Nothing, not on Instagram, or in my million Google searches, really focused on what it means to deal with a postpartum body. There was nothing out there for me except the serene Instagram moms.
Thanks to an unhealthy dose of anxiety I lost 30 pounds in two weeks, but I was still (and still am!) 20 pounds heavier than when I started this parenting endeavor. And I still had few suitable postpartum clothes. Two of the three chic maternity outfits that promised to be postpartum-friendly had high necks, requiring that I remove the whole dress just to breastfeed—and only a serious masochist would do that 15 times a day.
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When no one but my partner was around, I spent those first few post-birth weeks nearly naked. It wasn’t my preference, but since I was uncontrollably bleeding out of one hole and squirting milk out of another, it was all I could do. Milk was everywhere. Literal trails from the bedroom to the bathroom, from the living room to the kitchen, from my fleshy stomach to my chubby toes. Blood stained our cream colored couch more than once.
I Googled “postpartum clothes,” but there were none. I texted friends who were new moms. “What the hell are we supposed to wear right now?” They didn’t know either. They were Googling too, and texting women who’d come before us. I consulted Twitter. Links to maternity clothes came in. No. I couldn’t go back there—for anyone who has had a baby, the last thing you want to do is buy expensive clothes that are meant for pregnant women when you’re no longer pregnant. I bought 3 pairs of bicycle shorts from Old Navy, but those felt too restrictive, too tender to the touch for the stitches in my vagina; they took too much energy to pull up and down.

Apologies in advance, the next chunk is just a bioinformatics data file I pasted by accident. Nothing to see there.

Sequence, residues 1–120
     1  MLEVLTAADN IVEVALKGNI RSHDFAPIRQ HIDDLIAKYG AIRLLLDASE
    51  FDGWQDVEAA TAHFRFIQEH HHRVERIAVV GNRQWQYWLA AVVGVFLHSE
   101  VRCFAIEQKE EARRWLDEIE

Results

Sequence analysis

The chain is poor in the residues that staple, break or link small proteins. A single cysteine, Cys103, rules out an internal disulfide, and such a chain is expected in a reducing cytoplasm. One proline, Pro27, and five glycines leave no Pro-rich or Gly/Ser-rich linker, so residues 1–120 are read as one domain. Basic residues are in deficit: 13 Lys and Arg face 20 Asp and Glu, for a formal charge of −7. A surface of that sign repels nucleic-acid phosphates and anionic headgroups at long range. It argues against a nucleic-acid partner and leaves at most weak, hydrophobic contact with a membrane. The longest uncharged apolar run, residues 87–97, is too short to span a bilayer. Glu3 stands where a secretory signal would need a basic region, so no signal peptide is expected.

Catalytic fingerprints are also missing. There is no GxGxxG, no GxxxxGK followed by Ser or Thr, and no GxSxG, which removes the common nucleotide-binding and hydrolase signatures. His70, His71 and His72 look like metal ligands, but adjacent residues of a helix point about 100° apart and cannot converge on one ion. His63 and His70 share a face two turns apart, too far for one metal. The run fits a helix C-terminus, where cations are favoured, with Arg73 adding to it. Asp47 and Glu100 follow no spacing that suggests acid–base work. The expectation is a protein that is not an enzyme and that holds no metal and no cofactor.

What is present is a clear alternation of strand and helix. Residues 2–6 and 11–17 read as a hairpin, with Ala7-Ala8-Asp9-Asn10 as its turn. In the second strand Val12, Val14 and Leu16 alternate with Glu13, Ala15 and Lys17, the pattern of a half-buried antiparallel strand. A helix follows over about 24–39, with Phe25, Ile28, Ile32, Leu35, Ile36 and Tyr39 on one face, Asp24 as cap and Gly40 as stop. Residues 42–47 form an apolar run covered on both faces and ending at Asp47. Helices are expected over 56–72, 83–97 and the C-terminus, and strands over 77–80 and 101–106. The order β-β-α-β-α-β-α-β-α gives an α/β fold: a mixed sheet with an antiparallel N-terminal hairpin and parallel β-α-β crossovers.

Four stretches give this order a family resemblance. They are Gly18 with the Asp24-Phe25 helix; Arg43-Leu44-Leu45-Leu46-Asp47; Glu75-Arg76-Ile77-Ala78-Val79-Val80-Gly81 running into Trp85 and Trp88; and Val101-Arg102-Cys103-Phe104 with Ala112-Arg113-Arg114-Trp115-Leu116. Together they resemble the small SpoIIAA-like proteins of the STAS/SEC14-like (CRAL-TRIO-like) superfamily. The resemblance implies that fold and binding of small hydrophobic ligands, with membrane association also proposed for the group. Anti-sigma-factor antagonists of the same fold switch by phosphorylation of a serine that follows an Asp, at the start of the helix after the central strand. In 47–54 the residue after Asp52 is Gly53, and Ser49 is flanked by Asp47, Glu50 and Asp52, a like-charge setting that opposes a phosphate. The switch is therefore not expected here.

Pregnancy has become revered, but the part that comes after, the part where your body is broken, your clothes still don’t fit, but your maternity clothes don’t work either, your baby is hungry more than he’s not, you haven’t slept more than 2 hours in weeks, doesn’t exist on Instagram. Perhaps this is because the platform is a visual medium, and the effects on the body are visceral. For some, the images are graphic or unsettling. Postpartum is not the aesthetically “beautiful” or aspirational scene we’ve become accustomed to on Instagram. Until recently, the platform didn’t even allow pictures of giving birth or breastfeeding.
I am a middle class person with enough love and support around me to last the ages and yet I couldn’t find in the resources—clothes I needed, books to read, or social media to consume—to help me in my most tender time. Others have pointed out similar “fear of a mother” in the mainstream: writing and reporting on motherhood still isn’t considered a serious job, no one wants to help women find a place to breastfeed. There are dozens of apps for tracking periods and pregnancy but nothing notable to guide women through the postpartum period.
But perhaps the platform is just in a painful birthing phase, and we are now slowly emerging from the postpartum shame shadows. Two weeks ago a photo of Rachel McAdams pumping was thrown up on the Instagram page of Girls Girls Girls Magazine and went viral. Hillary Duff followed with another photo of herself pumping, with the caption, “am I doing this right?”
I guess what I’m trying to say is: Rachel, where’d you get that hot pumping bra?